A beautiful scam by Viasat

We take satellite TV from Viasat, our only choice. No one else can deliver a signal to us, and our former TV carrier, Centurylink, went to hell on us, claiming its equipment is too old to adequately serve rural customers. This is a situation that has affected customers all over its Western base.

By and large, Viasat is just adequate. Relying as it does on satellites in geosynchronous orbit (and I know, some say satellites do not exist – I remain unconvinced) at 22,236 miles above the planet, there is a natural signal delay. We first noticed this as our phone signal, which we had connected to the Viasat router, was unusable because of a talk over delay. Same with our cell phones, so we 1) had to go back to Centurylink for land line service, adding $50 monthly to our cost of service from Viasat, and 2) had to turn off our cell phone reliance on the Viasat signal too, using T-Mobile and its weak signal to the house for cell service. In the end we were overpaying Viasat for services they could not deliver. But we had no choice other than to go bare or return to DirectTV and their overpriced service, wanting us to purchase 60+ channels when we only watch one or two. That business model is either dead or dying but they refuse to let it go.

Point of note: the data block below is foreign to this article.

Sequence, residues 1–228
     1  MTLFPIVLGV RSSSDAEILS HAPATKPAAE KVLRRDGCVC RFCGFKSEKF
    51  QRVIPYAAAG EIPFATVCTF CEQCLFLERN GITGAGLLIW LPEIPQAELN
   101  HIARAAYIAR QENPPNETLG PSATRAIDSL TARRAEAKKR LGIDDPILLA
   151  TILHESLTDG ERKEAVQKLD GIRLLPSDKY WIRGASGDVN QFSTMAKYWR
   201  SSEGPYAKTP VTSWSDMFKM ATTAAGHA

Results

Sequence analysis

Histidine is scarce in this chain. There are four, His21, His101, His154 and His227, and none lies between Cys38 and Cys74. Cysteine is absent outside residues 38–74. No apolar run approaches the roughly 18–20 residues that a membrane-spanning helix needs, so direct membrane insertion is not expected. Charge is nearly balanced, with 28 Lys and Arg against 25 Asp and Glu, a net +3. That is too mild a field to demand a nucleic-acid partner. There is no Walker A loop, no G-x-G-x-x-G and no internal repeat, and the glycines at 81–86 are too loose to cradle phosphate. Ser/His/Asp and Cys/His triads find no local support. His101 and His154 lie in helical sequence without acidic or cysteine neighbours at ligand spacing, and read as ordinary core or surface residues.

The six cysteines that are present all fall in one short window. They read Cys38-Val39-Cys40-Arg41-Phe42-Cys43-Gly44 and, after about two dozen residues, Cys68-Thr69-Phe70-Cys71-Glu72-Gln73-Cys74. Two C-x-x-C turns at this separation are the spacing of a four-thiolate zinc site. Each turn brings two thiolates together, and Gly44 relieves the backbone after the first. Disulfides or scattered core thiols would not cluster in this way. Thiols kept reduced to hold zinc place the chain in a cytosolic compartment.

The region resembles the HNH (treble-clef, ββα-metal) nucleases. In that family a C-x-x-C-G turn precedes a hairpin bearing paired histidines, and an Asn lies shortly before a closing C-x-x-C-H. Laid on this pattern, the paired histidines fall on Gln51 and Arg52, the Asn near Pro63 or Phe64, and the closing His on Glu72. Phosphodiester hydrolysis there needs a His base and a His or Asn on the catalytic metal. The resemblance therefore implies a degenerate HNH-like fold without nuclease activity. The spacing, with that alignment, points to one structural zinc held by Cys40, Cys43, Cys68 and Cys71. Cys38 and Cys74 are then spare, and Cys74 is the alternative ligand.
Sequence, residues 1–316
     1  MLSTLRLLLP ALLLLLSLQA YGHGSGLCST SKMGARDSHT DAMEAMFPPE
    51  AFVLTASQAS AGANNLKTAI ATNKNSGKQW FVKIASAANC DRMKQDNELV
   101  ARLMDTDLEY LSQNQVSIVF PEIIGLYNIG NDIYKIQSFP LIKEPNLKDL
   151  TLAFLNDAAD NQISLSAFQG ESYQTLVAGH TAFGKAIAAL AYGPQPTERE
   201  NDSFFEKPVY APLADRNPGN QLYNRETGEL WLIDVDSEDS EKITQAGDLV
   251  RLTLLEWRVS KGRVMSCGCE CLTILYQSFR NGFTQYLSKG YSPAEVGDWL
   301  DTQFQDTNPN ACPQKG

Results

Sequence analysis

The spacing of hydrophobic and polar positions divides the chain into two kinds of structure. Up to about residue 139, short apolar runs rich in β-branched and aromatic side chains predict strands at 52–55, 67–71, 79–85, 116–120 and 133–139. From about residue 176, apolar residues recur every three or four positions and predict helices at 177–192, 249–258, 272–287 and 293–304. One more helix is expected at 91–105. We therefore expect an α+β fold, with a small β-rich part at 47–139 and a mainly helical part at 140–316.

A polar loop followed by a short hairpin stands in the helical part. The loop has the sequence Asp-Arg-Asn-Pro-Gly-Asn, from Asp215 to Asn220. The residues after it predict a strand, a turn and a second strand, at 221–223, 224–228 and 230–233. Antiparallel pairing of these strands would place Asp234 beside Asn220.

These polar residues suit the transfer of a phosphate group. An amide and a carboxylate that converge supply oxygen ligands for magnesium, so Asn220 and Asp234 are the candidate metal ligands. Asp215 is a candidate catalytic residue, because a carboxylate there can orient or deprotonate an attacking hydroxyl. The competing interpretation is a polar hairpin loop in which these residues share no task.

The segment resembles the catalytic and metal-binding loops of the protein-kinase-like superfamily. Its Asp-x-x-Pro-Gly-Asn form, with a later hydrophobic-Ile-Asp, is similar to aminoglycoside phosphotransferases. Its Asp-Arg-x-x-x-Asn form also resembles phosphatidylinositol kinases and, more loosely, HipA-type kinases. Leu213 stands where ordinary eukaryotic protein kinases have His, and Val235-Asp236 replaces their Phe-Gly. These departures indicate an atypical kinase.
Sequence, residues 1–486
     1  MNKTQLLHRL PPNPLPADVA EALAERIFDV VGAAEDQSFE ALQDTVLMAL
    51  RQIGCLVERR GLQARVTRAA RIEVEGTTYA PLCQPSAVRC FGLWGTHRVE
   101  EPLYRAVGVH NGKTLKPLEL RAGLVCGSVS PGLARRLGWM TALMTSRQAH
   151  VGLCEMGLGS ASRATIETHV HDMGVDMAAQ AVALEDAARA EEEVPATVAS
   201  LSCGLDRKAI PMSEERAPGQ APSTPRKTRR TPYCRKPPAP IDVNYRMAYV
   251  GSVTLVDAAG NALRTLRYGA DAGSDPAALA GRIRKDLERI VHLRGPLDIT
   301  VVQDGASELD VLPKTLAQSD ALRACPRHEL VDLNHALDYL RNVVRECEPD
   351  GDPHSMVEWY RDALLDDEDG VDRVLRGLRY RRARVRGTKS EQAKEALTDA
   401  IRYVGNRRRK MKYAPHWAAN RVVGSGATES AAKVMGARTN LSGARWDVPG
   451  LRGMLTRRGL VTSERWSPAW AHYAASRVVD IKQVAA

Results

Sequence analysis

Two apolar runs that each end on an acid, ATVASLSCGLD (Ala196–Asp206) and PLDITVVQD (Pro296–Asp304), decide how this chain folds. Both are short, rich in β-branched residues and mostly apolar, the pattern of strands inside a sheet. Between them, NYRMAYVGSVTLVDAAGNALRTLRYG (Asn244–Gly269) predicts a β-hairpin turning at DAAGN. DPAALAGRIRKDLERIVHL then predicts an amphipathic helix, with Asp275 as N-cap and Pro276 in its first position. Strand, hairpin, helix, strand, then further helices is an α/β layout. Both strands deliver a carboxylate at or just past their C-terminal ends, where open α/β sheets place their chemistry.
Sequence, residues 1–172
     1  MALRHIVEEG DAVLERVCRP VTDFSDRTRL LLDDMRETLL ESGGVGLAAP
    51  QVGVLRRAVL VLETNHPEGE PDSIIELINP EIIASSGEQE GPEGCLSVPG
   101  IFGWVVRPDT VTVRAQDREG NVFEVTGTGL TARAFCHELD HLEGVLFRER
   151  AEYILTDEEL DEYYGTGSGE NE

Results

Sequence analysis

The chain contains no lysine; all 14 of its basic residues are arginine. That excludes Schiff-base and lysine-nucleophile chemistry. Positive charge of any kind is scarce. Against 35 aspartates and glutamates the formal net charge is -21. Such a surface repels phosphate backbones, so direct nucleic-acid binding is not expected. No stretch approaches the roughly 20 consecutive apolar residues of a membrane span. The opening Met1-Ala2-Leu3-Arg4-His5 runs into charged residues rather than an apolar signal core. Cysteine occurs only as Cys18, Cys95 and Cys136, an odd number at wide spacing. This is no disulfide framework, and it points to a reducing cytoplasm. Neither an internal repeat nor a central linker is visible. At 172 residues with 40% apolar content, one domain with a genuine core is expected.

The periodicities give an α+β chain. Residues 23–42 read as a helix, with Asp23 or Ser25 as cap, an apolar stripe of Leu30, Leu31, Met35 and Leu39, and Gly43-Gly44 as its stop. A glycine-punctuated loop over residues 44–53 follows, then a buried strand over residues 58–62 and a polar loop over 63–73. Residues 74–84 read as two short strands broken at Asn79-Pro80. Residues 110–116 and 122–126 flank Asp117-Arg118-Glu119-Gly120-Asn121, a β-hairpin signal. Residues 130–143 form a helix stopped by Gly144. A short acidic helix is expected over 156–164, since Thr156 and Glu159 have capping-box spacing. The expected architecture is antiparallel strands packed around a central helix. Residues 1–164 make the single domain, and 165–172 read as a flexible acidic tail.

Viasat delivers two signals, one called “high speed,” which is rationed to us. During the time when we get high speed, it is a good deal. But “high speed” usually only lasts maybe seven days into the month, at which time Viasat starts pestering us to buy more service, in small bundles costing $40 each. They claim we are “overusing” our high speed service, which really only amounts to several hours per month of good service. If we were to play their game, in the end we would be paying them $300-500 per month for service. I call that “bait and switch.” We endure slow service for the better part of the month, ignore their emails telling us we need to buy more service, and their gratuitous advice on how we should watch less television. In the end, they have put the blame for lousy service on our backs.

That is their game, and we have no alternative. Hughes Network came by the house, but needed for us to cut down one of our beautiful trees to provide, and we refused. Verizon … let me get this straight, quoting their agent precisely, said “We can’t deliver anything to your address”.

Along came a perfect storm. I was looking forward to watching the Cincinnati Bengals play the Kansas City Chiefs for the AFC championship. I know, it is professional football and is probably rigged, but man are those good teams stocked with amazing athletes and coaches. I asked my wife to make no plans for me, as I intended to watch that game beginning to end and do nothing else.

Viasat service went to hell right at the beginning of the game, which was constantly interrupted by a swirling arrow in the middle of the screen, ending in a message that said “Oops! Something went wrong.” I gave up, and turned to radio to listen to the game. I did that using SiriusXM, as we do not get decent radio service up here either.